- Another strip has a National Animal Show, with England, Norway and Netherlands all glaring at each other in front of identical lions. Brother France and his rooster watch from the sidelines.
- Hans the puffin in The Penguins of Madagascar is Danish.
- The "Moose Crossing" street sign is often used as a visual cue for Sweden.
- The Moose test, a performance test for automobiles originating from Sweden.
- Bears (both brown and polar) are commonly chosen to represent Russia, as they are very big and strong beasts, thus ideal for the Husky Russkie and Mother Russia Makes You Strong stereotypes. Also Bears Are Bad News, and during the Cold War, Soviet Russia was certainly bad news for the Western world. Also see the trope Make the Bear Angry Again (which refers to Western anxieties about post-Soviet Russia).
- A bear was originally featured on the coat of arms of Novgorod, a "feudal republic" in the Northwestern part of Russia, that was first politically subdued and then conquered and absorbed by the Russian grand prince Ivan III in the 15th century.
- Since then, the official Russian heraldic symbol was a Byzantine two-headed eagle, but most foreigners still associate Russia with bears — and these days, so do many of the Russians, including leaders of the ruling party. Thus, in political cartoons, Russia (and earlier, the USSR and the Russian Empire) is often depicted as a bear.
- Less frequently, the Siberian tiger will also be portrayed as a Russian stereotype, as they are native to the Russian Far East, and their size and strength also fit the Husky Russkie stereotype very well.
- Out of the dog breeds, the Siberian Husky may be portrayed as a literal Husky Russkie; and the Borzoi (Russian Wolfhound), associated with Tsarist Russia, is also common.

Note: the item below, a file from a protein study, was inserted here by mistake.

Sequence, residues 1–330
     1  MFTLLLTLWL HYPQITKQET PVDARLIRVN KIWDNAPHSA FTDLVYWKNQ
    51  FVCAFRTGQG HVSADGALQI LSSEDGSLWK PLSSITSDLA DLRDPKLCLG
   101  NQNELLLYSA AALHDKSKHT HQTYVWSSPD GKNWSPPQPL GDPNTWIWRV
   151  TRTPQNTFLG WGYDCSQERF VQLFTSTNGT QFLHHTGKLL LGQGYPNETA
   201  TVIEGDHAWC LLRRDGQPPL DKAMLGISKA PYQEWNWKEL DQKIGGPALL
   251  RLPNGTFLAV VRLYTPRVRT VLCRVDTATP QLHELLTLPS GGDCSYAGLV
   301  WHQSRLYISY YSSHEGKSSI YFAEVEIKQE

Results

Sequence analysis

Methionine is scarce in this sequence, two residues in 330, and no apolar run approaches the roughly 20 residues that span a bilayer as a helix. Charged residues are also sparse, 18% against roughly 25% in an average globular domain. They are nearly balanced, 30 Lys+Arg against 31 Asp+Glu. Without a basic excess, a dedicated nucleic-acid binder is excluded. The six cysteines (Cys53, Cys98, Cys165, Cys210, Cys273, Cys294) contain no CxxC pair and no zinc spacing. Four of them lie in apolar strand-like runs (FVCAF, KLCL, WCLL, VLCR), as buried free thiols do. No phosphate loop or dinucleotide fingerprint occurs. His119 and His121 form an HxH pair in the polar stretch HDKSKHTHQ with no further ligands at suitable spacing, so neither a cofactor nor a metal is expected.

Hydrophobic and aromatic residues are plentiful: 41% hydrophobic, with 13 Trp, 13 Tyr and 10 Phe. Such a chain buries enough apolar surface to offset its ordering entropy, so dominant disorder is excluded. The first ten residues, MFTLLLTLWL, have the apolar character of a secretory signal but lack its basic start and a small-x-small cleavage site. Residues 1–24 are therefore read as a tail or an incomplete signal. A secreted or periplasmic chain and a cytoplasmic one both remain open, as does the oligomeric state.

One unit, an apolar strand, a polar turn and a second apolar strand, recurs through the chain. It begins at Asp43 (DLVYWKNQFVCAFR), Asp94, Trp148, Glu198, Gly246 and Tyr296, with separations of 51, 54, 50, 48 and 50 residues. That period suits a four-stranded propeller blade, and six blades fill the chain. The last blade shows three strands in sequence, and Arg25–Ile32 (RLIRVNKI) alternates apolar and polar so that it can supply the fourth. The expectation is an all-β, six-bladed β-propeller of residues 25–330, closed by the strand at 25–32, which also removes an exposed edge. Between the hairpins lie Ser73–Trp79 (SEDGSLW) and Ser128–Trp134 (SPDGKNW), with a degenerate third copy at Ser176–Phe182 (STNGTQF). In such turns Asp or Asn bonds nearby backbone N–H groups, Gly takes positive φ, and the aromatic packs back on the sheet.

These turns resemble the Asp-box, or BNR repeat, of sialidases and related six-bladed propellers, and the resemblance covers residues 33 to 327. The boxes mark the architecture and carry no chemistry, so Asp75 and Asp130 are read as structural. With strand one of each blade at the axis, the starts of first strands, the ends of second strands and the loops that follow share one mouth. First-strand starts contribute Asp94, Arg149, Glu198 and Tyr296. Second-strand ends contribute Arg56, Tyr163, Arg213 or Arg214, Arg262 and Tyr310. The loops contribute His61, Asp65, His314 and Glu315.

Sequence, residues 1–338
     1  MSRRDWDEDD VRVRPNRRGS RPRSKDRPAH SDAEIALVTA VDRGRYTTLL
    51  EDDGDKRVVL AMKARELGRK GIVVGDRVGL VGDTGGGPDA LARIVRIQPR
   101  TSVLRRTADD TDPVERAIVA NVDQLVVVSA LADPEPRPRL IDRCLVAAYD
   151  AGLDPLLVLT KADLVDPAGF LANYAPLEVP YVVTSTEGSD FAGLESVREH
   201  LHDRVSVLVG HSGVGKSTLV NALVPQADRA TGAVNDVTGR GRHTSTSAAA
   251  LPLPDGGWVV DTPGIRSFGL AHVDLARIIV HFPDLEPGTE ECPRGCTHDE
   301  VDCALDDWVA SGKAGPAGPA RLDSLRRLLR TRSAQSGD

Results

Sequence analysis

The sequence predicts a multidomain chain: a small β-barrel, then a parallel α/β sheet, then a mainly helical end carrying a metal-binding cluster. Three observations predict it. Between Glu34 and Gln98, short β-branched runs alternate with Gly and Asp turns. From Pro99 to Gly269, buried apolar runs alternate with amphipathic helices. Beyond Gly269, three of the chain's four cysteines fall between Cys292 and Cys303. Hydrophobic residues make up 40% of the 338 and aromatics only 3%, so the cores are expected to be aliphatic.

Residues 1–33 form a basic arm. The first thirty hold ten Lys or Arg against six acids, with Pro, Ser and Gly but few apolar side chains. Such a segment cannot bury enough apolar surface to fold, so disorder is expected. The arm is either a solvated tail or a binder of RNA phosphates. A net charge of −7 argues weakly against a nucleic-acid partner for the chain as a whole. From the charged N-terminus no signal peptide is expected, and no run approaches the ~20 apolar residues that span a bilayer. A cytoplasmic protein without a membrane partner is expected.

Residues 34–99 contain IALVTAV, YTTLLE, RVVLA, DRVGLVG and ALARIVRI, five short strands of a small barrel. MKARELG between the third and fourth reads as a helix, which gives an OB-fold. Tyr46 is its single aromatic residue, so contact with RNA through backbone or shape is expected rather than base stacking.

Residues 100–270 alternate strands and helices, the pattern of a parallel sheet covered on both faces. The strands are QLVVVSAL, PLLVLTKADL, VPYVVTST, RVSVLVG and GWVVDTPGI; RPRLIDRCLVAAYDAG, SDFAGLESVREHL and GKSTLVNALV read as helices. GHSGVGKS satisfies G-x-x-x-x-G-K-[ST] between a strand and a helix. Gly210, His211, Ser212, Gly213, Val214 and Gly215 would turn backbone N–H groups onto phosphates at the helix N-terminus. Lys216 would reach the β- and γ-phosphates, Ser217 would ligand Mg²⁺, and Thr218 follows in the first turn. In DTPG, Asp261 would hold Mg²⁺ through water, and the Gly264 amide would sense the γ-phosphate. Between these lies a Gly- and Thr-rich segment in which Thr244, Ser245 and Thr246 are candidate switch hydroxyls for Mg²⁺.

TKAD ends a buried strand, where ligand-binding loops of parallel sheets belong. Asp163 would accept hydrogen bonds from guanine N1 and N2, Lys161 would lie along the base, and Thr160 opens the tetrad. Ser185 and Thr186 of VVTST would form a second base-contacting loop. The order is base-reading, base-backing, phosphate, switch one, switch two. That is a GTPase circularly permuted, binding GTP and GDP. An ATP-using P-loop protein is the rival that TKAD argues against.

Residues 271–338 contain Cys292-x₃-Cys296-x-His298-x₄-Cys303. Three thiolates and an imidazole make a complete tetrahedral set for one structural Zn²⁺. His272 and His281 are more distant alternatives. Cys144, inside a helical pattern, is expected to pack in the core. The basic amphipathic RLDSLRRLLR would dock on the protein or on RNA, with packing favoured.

- In the 19th century, it was almost as common for comical maps to represent Russia as an Octopus, particularly if the author was anti-Russian and wanted to depict the Russian Empire as expansionist, but this is now a Forgotten Trope.
- Masha and The Bear, a Russian cartoon, has bears as the main characters as well as the lead bear having a Siberian tiger friend.
Anime & Manga
- In Cat Shit One bears represent the Soviets.
- Ursa Major, a part of Russian Avengers from Marvel Comics
- In Global Guardians PBEM Universe, Ursa is a Russian superhero who can turn into a polar bear.
- Blacksad: In the album Red Soul, a Russian émigré artist is depicted as an old brown bear.
Films — Animation
- Vitaly, the Russian-accented Siberian Tiger is The Leader of the circus gang in Madagascar III. The minor character Sonya, while a non-anthropomorphic bear, also has a Russian-sounding name.
- Boris the Russian Wolfhound in Lady and the Tramp, who is fond of quoting Dostoevsky.
- Zootopia has a polar bear character with the Russian-sounding name Koslov. He was originally intended to be a more prominent character, head of a Russian-type mafia, complete with the accent, but in the final film he's a non-speaking henchman of the Italian-accented shrew mafioso Mr. Big. Other polar bear mobsters wear attire stereotypical of Russian mobsters, like tracksuits and golden chains.
- In Sing, Mike the mouse is in debt of a trio of Russian-accented gangster brown bears who keep pursuing him over the course of the movie.
Films — Live Action
- Zaschitniki ("The Guardians", or "The Defenders") the Russian version of The Avengers, includes a half-man, half-bear superhero.